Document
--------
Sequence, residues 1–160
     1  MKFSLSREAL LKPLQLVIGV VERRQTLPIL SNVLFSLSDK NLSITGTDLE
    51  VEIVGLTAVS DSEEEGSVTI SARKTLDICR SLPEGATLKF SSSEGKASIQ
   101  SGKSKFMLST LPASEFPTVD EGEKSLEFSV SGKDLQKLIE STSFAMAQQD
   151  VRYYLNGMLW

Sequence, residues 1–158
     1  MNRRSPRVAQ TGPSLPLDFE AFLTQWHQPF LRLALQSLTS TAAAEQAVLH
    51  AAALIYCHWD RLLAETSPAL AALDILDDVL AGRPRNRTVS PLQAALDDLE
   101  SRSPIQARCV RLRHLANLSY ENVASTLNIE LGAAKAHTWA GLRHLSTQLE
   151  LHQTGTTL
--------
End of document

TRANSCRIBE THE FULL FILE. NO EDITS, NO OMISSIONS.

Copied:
Sequence, residues 1–160
     1  MKFSLSREAL LKPLQLVIGV VERRQTLPIL SNVLFSLSDK NLSITGTDLE
    51  VEIVGLTAVS DSEEEGSVTI SARKTLDICR SLPEGATLKF SSSEGKASIQ
   101  SGKSKFMLST LPASEFPTVD EGEKSLEFSV SGKDLQKLIE STSFAMAQQD
   151  VRYYLNGMLW

Sequence, residues 1–158
     1  MNRRSPRVAQ TGPSLPLDFE AFLTQWHQPF LRLALQSLTS TAAAEQAVLH
    51  AAALIYCHWD RLLAETSPAL AALDILDDVL AGRPRNRTVS PLQAALDDLE
   101  SRSPIQARCV RLRHLANLSY ENVASTLNIE LGAAKAHTWA GLRHLSTQLE
   151  LHQTGTTL